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FROM THE FIELD
Going anywhere, from coast to coast By Eric Myatt, CCO Eastern Regional Director
ne of CCO’s campus missionaries told me his secret to getting up each morning to pray. He would awaken to his alarm and an all-too-familiar desire to hit the snooze button and roll over. But, instead of that, he trained himself to say, “I will go anywhere you want me to go.” And in that moment, he knew that where God wanted him was out of bed, downstairs, in prayer. This line he repeats comes from the Apostle’s Prayer. It has become an integral part of CCO’s spirituality and holds special significance to us. For the missionary, applying this line allowed him to take time each day with Christ. It gave him a foundation for his work throughout the day.
“I’m so excited CCO is serving at Memorial University this fall.”
But the authors of the prayer meant for it to cover more than the first moment of the day. They hoped that it would apply to a broad range of situations. In fact, campus missionaries plan their daily schedules around the disposition this prayer encourages. They step onto the campus of each university we serve and say: “I will go anywhere.”
Going anywhere God wants us to go is our approach in considering campus expansions. I’m so excited CCO is serving at Memorial University this fall. By invitation of Archbishop Martin Currie, our missionaries are now in the Archdiocese of St. John’s, Nfld. and Lab. This campus has the largest enrolment in Atlantic Canada and holds staggering potential for an injection of hope and renewal. CCO missionary Eric Filion—formerly based at Queen’s University in Kingston, Ont.—is leading the team there. Eric and his team are living out their prayer to “go anywhere” in a bold and concrete way. I invite you to join us in praying the Apostle’s Prayer daily. It is a powerful invitation for God to use us in whatever way He chooses. Tell Him you’re willing to get up early to pray. Tell Him you’re the one who will go to the peripheries of your campus or workplace and search for those who need Him. Pray that you will go anywhere He wants you to go. You may be surprised where He leads you. gv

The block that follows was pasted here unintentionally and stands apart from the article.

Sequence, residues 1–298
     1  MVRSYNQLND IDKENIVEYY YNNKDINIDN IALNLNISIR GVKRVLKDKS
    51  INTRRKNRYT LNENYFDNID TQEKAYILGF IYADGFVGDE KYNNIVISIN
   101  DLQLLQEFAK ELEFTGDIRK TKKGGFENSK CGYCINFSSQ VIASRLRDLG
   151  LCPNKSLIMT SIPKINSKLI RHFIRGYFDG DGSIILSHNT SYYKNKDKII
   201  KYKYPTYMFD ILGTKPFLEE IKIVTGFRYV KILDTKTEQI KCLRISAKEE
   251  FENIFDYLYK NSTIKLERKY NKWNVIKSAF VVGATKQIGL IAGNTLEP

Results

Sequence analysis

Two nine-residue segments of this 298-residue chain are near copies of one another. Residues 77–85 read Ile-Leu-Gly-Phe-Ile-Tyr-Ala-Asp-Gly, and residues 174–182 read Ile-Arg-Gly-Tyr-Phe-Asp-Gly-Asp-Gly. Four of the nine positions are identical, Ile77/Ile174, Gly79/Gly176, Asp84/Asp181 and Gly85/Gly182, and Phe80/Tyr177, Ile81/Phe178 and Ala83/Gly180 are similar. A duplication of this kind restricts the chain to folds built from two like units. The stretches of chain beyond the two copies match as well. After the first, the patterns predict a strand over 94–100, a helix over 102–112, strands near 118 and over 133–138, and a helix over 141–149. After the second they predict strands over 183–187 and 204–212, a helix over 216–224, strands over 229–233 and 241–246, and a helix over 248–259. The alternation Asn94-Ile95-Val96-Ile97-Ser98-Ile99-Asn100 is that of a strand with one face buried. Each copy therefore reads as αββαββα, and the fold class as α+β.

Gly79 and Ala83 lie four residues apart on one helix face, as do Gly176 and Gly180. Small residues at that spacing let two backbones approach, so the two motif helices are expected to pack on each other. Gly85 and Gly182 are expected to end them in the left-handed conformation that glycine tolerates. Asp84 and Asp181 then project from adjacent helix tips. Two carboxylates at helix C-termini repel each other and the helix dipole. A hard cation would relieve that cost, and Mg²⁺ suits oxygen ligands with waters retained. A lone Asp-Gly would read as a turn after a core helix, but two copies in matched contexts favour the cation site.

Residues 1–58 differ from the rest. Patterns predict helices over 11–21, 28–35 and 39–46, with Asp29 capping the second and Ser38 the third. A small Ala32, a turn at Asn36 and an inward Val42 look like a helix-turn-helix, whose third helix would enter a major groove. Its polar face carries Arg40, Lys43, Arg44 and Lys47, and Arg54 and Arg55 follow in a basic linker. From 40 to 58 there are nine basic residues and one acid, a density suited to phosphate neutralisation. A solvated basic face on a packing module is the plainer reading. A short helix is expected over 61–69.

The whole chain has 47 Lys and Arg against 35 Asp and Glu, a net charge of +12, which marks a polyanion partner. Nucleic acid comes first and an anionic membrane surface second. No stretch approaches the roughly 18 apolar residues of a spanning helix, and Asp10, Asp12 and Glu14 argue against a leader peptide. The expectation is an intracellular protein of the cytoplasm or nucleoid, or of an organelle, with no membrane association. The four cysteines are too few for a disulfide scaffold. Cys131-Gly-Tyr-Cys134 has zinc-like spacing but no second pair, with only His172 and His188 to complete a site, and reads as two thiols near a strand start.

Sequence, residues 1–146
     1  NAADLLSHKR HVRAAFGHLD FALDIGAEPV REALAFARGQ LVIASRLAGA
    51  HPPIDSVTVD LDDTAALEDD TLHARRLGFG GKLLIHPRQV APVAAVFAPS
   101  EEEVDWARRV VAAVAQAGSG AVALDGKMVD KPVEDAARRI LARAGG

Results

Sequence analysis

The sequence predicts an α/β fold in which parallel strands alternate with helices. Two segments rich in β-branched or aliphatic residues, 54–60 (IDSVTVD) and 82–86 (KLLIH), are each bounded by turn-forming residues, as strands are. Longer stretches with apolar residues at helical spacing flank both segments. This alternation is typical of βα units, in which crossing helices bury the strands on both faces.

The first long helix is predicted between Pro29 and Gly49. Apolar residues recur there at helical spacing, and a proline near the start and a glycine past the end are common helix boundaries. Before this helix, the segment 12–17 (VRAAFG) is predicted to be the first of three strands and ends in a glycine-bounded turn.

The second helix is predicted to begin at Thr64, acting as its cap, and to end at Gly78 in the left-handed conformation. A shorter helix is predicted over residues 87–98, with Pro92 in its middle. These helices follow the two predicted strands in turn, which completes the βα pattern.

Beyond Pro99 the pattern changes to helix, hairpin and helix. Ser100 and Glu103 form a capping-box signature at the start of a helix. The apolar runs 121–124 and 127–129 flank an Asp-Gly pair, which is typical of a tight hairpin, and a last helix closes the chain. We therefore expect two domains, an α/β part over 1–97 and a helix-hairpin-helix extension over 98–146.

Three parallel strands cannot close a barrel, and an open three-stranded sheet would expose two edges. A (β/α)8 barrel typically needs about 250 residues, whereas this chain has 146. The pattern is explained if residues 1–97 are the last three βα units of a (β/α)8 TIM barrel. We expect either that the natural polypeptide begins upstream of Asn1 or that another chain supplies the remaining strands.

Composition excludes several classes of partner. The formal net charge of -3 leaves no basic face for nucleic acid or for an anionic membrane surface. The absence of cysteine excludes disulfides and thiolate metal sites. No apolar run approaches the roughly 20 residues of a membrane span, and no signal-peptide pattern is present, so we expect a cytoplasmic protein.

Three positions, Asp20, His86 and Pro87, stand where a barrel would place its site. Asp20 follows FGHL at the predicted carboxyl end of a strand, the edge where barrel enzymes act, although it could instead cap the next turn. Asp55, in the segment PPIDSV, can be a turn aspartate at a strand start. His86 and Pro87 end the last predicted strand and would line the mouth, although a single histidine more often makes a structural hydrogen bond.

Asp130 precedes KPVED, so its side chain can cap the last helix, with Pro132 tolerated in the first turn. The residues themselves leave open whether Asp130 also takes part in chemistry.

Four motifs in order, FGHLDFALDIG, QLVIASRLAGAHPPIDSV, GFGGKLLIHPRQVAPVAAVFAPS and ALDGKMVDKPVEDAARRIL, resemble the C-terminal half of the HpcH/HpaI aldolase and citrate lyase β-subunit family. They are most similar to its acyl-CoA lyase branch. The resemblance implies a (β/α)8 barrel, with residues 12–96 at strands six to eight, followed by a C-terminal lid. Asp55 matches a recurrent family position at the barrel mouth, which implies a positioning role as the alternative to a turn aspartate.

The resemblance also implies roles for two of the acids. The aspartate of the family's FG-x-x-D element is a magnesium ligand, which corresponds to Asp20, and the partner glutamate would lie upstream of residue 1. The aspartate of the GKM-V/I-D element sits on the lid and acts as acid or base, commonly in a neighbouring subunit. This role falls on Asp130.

CCO missionaries Stephanie Dresch and Lorne Stang, ready to invite new students to join CCO.
Lord, when you called Abraham, he responded, “Ready.” When you called Isaiah, he answered, “Here I am Lord.” When the angel Gabriel called out to Mary, she responded, “I am the handmaid of the Lord. Let it be done to me according to your word.” Lord, I hear you calling my name. I hear you entrusting me with the task of building your kingdom. Like those holy men and women who have gone before me, I give you my ‘yes’! I will go anywhere you want me to go. I will do anything you want me to do. I will say anything you want me to say. Holy Spirit I welcome you and ask you to guide me. Form in me an apostle’s heart filled with love for Christ and zeal for souls. I will commit myself with courage and generosity to the New Evangelization. I will build brick-by-brick, the city of God inside the city of man. Amen
“It started with one faith study. Five studies and countless experiences later it all comes back to that first crucial step. I chose to begin my journey with Jesus, and today we continue journeying on.” —Tim, University of British Columbia
Share the Ultimate Relationship As Catholics, we are all called to evangelize. But how? Sometimes we aren’t sure what to say. How do we convey the Gospel message to our family, friends, co-workers and neighbours? To a stranger, even? Communicating the Gospel clearly and simply is one of CCO’s central tenets. The “Ultimate Relationship” (UR) booklet is meant to help by offering the exact words to use when sharing the Gospel. 1. God created us to have a personal relationship with him. “See what love the Father has given us, that we should be called children of God: and that is what we are.”—1 John 3:1 2. Our relationship with God is broken. “For the wages of sin is death.”—Romans 6:23 3. Jesus restores our relationship with God. “For God so loved the world that he gave his only Son, so that everyone who believes in him may not perish but may have eternal life.”—John 3:16 4. We can choose to respond. “Listen! I am standing at the door, knocking; if you hear my voice and open the door, I will come in to you and eat with you, and you with me.”—Revelation 3:20 For free resources on how to share the “Ultimate Relationship” booklet, including videos, printable handouts and digital copies of the UR in 11 languages, go to cco.ca/urtraining
Behind the scenes at Rise Up 2014 By Vicki McEachern, CCO Director of Communications
t was not a time for jokes. As Bishop Christian Riesbeck, CC, and I assumed our station and prepared to pray with attendees at CCO’s Rise Up conference in downtown Calgary, there was a heavy tension in the ballroom. I asked him if he would pray over me before we prayed over students, less a question than an enlistment. Because what bishop, what priest, what faithful person would refuse such a request? Bishop Christian, as he prefers to be called, paused thoughtfully, then casually said, “I’ll think about it.” What!? For how long? Stunned, I watched as he bent to put down his water, his pectoral cross a swinging reminder of the important office he holds. Then he flashed his signature grin and stood up. “Vicki, I’m kidding. Of course I will.” He was messing with me! Nothing like an impeccably timed episcopal gag to set the tone.
These students had a sense of revival. Their faith was palpable and their action of asking for prayer was but one small sign of their initiative. Each person was unique, and yet they gave an impression of a generation. For some, the revival had happened over the past days of the conference. For others, their faith was firm and the conference revived a new aspect of their relationship with Christ. Regardless, they were now together, forming a generation.